The state has an enormous debt of $29 billion, with last June’s budget forecasting this to rise to $37.6 billion in the next four years. The government has boasted of its refusal to raise taxation, with Treasurer Stephen Mullighan publicly appealing to “large corporate employers” to shift to the state. “Why would you choose a high-tax, high-cost location like Victoria when you could come to a place like SA?” he declared.

The Malinauskas government is at the same time an important partner with the federal Labor government on the planned AUKUS nuclear submarines acquisition. South Australian public funds of $2 billion are already committed, with more undoubtedly to come as Australian imperialism deepens its integration into US preparations for aggressive war against China.

The state’s debt will be clawed back through austerity measures directed against the working class, which are dictated by finance capital through the banks and international credit rating agencies.

This is why the Labor government has dismissed out of hand teachers’ demands for greater funding to improve their wages and conditions. The AEU apparatus has nevertheless sought to cultivate illusions in the state government, as a means of blocking a determined political and industrial struggle against Malinauskas.

Striking South Australian teachers on September 1, 2023. [Photo: Facebook/AEU (South Australia branch) ]

AEU state president Andrew Gohl told the rallying school workers yesterday that he expected an “improved” offer from the government within the next fortnight. “If not,” Gohl declared, “then we will need to think about taking further action… We will be a pain in his butt until we get an offer that values us.”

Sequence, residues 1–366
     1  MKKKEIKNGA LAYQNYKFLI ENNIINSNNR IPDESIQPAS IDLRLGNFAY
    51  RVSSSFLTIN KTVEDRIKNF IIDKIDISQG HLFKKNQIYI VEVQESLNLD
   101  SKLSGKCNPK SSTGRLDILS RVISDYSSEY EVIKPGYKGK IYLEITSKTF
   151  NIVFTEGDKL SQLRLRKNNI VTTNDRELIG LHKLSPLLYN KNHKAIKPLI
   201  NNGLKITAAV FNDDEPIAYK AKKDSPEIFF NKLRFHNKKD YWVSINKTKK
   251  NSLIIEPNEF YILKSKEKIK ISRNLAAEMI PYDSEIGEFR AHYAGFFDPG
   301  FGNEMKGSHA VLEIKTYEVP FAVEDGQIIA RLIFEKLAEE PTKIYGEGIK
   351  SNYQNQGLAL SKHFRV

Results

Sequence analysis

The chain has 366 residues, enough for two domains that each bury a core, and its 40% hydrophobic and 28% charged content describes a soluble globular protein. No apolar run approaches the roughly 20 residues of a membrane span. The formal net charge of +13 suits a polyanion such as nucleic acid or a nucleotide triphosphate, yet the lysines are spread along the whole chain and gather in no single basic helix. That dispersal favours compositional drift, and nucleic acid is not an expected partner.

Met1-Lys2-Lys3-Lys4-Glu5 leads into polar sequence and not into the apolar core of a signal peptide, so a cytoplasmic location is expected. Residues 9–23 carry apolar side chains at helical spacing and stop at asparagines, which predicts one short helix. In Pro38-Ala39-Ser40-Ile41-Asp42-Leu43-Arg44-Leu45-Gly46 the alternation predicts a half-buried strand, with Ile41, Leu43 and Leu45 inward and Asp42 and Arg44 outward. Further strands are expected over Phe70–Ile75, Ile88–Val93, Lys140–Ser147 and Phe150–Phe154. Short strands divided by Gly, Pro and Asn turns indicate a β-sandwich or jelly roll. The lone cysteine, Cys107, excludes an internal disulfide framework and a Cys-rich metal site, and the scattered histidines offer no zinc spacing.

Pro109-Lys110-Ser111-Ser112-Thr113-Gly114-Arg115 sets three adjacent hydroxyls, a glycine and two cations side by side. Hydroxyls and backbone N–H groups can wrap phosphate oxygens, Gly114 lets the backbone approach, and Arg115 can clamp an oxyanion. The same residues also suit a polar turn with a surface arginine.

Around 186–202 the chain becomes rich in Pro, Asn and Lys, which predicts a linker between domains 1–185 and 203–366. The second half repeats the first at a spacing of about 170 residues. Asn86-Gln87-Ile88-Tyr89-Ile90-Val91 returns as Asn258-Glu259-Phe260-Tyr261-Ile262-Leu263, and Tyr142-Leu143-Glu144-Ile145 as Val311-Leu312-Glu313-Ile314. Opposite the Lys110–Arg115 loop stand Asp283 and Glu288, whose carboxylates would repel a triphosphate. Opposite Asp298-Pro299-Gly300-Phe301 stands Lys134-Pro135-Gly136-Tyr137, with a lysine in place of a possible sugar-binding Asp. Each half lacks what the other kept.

This amounted to rhetorical hot-air. The only actions outlined at the strike rally was that teachers should walk out of schools if there is a visit from a Labor parliamentarian, and that people should email the premier to “demand a better deal.”

Yet another AEU-organised sell out agreement is threatened. The unprecedented crisis of the public education system in Australia has been engineered through two primary mechanisms: (1) federal and state budgets, implemented by successive Labor and Liberal governments, that starve public schools of resources while funnelling billions into private schools, including the most elite; and (2) state-based industrial agreements covering public school teachers that function to reduce real wages and enforce abysmal working conditions.

Most recently, in Victoria, the AEU last year rammed through a four-year agreement, despite a record 40 percent “no” vote, involving massive real wage cuts, with salaries nominally increasing by just 1 percent every six months. In New South Wales, the Teachers Federation shut down a strike campaign, the first in the state for a decade, and instead campaigned for the installation of the Labor government. This was nothing but a dead end. Since coming to office, Premier Chris Minns has refused to make any significant concessions, and teachers are without an agreement.

In South Australia, as nationally, teachers and school workers face the urgent task of taking their struggle out of the hands of the bureaucracy by constructing rank-and-file committees in the schools. A network of these democratically elected organisations, independent of the union apparatus, will organise the broadest democratic discussion within the schools on the necessary next steps.

A determined turn must be made to educators nationally, combined with a turn out to other sections of the working class confronting similar attacks. Yesterday’s teachers’ rally coincided with a snap strike of tram drivers in Adelaide, who are resisting an attempted corporate imposition of a real wage cut through a nominal rise of 3 percent a year. This underscores the opportunities for a unified political and industrial working class campaign against the Malinauskas government.

The only organisation fighting for this perspective is the Committee for Public Education. We encourage South Australian teachers and school workers to contact us to discuss the way forward:

Email:  cfpe.aus@gmail.com
Facebook: www.facebook.com/groups/678929646894212
X/Twitter:  @CFPE_Australia